It could so easily have been the worst sporting atrocity since the 1972 Munich Olympics. The fact that yesterday's military-style ambush of the Sri Lankan cricket team did not lead to greater loss of life seems attributable to the quick thinking of their bus driver and sheer good fortune.
But as an act designed to spread terror, the attack will surely be effective enough to satisfy those who ordered it. There will be no international sporting fixtures in Pakistan for the foreseeable future. The attack might even result in teams staying away from the wider South Asian region. Last November's terror attack in Mumbai drained confidence; Lahore could destroy it entirely.
But the ramifications of this attack go far beyond sport. It is another sign of the extreme instability of the Pakistani state. The reach of the country's sprawling Islamist insurgency, one of the branches of which was probably responsible for yesterday's attack, appears to be growing. The bombing of the Marriot Hotel in Islamabad last September showed that not even Pakistan's capital was secure. And the government now concedes that the devastating Mumbai attacks were planned and directed on Pakistani territory.
Leaders of the Punjabi-based Lashkar-e- Toiba (LeT) group were arrested after the Mumbai outrage. Yet LeT is one of several militant factions that were trained and resourced by the Pakistani intelligence services to mount attacks against the Indian army in Kashmir in the 1980s. Many independent analysts believe that such support continues in secret.
There are few signs of progress in Islamabad's struggle to defeat militants in Pakistan's north-western regions either. The government did a deal last month with the tribes of the Swat Valley allowing them to entrench sharia law in exchange for a truce. Islamabad has portrayed the arrangement as a device to separate the religious conservatives of the region from the militants. To the outside world, however, it looks more like a capitulation to extremism – and one that will merely make the task of defeating the Afghan Taliban, who find safe haven in Pakistan's tribal regions, more difficult.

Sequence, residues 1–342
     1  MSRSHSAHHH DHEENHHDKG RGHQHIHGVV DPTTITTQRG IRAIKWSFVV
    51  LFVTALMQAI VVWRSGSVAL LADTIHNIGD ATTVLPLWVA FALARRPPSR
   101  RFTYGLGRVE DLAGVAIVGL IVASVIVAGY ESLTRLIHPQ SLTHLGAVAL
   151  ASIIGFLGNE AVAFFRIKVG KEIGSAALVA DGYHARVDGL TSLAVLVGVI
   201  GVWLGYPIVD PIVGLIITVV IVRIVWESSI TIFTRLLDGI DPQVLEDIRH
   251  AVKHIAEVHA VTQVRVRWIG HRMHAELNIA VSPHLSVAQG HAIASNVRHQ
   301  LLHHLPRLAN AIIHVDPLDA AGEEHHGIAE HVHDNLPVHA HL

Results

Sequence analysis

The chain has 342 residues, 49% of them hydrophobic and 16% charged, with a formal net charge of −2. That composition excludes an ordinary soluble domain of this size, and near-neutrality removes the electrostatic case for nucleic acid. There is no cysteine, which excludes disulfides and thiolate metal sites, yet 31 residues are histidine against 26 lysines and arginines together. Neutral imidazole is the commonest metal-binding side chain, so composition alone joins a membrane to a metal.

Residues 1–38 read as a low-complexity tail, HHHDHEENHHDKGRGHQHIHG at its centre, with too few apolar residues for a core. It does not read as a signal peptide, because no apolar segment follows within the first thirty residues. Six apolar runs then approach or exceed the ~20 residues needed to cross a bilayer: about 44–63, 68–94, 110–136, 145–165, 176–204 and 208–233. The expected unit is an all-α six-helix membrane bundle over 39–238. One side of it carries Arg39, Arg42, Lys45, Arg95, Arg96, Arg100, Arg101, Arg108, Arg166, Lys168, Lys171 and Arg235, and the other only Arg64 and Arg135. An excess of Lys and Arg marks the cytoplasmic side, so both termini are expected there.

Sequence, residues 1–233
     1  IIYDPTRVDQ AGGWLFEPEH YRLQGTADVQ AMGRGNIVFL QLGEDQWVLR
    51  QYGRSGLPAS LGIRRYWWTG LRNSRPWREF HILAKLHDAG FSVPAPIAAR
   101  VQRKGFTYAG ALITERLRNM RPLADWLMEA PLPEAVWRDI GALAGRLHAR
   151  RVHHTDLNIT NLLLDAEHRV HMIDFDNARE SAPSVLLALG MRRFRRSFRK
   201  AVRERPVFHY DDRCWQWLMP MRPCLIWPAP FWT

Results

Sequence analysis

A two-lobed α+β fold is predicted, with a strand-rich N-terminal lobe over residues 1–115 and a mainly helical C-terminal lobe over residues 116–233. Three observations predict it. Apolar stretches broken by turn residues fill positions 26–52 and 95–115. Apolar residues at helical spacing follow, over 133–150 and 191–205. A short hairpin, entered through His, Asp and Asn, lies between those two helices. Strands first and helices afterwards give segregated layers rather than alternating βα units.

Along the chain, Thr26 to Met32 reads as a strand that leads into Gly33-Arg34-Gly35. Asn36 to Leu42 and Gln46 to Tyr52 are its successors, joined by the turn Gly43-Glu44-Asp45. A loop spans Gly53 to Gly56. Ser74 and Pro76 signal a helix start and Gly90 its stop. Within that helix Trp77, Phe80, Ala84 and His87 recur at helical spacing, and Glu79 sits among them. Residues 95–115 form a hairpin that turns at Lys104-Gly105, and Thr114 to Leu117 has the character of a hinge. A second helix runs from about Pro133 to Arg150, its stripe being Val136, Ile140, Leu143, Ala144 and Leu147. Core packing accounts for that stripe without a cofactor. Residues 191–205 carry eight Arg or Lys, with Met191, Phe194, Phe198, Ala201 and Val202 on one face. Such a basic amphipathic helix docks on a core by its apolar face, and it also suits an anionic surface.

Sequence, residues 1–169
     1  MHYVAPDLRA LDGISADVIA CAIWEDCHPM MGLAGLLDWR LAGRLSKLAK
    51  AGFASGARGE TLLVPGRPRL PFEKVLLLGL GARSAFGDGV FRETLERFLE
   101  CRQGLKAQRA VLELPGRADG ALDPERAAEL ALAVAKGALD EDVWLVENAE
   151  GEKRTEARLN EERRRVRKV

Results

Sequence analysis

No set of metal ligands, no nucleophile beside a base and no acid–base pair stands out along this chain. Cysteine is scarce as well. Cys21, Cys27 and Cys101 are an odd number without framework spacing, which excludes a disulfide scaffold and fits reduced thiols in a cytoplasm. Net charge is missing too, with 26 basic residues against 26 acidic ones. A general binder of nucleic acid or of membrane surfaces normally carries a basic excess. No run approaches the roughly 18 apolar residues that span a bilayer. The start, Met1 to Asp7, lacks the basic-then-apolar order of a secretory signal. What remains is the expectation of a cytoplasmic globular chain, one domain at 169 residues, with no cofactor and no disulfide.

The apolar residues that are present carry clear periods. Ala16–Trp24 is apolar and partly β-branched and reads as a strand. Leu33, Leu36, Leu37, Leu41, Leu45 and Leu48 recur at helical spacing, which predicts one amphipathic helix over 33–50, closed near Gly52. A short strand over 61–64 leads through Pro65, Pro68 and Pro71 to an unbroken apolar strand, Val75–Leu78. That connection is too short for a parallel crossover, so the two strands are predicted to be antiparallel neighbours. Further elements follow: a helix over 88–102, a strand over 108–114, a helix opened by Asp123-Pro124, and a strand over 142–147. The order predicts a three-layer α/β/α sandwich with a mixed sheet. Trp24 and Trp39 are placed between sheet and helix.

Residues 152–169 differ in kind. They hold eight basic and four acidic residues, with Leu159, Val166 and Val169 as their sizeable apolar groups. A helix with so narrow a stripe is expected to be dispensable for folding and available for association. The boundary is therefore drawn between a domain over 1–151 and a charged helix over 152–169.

Making matters worse, the civilian government that replaced the military regime of General Pervez Musharraf last year is weak and compromised. President Asif Zardari seems to be devoting more attention to thwarting his political rival, Nawaz Sharif, than suppressing the insurgency.
The outside world has been stepping up pressure on Islamabad to weed out those elements in its intelligence services that still protect insurgent "clients". This is necessary, but not without risks. Apply too heavy a hand and there is a danger of undermining the civilian government and boosting the extremists. Anti-US resentment is already growing, stoked by sporadic US air raids across the Afghan border. Taking the fight to the terror groups, while supporting Pakistan's civilian government, will not be easy.
Yet the outlook is not entirely bleak. Despite the proven reach of the extremists, most Pakistanis are religious moderates. Islamist parties did poorly in last year's elections. Nor is there any appetite for a return to army rule.
The best international response to yesterday's vile attack in Lahore is a firm message of support for the moderate forces in Pakistani society – and a determination to encourage the spread of democracy and law into every corner of this turbulent state.